From parchment to touch-screens—vehicles for sharing information continue to evolve

2012 Oct 1
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This afternoon, people in Huntsville, Alabama won’t be able to walk outside and pick up their dead-wood-and-ink copy of The Huntsville Times. The Times, along with three other Newhouse Newspapers in Alabama and Louisiana, cease publishing a daily newspaper today.

This is an especially sad day for me. For all its limitations, The Huntsville Times was my primary window to the larger world when I was a kid. I was an avid newspaper reader. I read each section of The Times every day, without fail. So dependent was I that my mother reminds me how I would call the paperboy “a communist” when he failed to deliver the paper on time. The Times was where I learned about the circumstances and causes of the hostage crisis in Iran. It helped teach me the difference between Republicans and Democrats.  It delivered the box scores from the previous day’s Atlanta Braves game, let me scan the obituaries for the last word about my grandparent’s friends that I knew from my childhood, and gave me a glimpse of a  world far beyond my living room.

And then there was the incomparable Mike Royko. It’s not an exaggeration to say the he, more than anyone, was responsible for my decision to pursue journalism as my profession. His columns, about people in a city that I had never visited (corrected now, as I’m writing this column from an office overlooking Lake Michigan in his beloved Chicago), were my regular glimpse into the foibles of humanity. Several times a week, Royko wrote about his fictional rogue’s gallery, a Greek chorus commenting on life’s failures and follies, crooks and cronies, yet conveying a universal appeal that transcended the confines of his hometown. Royko’s Slats Grobnik was my “Voice of the People,” speaking truth, however inelegantly, to power. Royko could smell a phony a mile away and wrote with a power and grace that conveyed his old-fashioned values – life is tough, and often unfair, and bad people often got more than they deserve. But in the end, goodness would, if not triumph, at least live to fight another day.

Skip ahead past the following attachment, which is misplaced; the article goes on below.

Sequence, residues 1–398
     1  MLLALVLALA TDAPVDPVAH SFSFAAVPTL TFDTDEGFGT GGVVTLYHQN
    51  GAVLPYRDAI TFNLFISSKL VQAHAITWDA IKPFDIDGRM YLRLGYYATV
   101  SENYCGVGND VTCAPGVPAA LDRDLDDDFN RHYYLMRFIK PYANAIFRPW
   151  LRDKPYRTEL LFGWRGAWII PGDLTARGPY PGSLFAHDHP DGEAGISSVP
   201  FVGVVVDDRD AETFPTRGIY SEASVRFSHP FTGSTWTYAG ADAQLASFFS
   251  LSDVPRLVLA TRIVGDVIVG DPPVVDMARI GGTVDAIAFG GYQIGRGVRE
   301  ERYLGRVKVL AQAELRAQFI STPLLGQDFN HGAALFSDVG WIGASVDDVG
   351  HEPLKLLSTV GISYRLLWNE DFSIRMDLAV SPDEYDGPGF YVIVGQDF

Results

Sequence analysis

I’m afraid that the habit of reading Royko resulted in part from the ritual of seeing his column appear without fail in my local newspaper. I’m just not sure that Slats Grobnik is possible in an ipad world.

But of course, life goes on, as does journalism. Something called al.com has replaced the daily newspaper, and there are, I’m told, 220 good, enterprising reporters, editors and photographers scouring the state of Alabama looking for news that’s fit to pixelize. Sure, they’ll still print the paper three days a week (guesses as to how long that lasts). And yes, there are far more sources about the world in the digital realm, just keystrokes away, for a curious kid somewhere to peruse. The world is probably better off for the endless variety and volume of information available on the web.

Just don’t spill coffee on your ipad – it’s a lot more expensive to replace than your daily newspaper.

Rodney Ferguson, Principal

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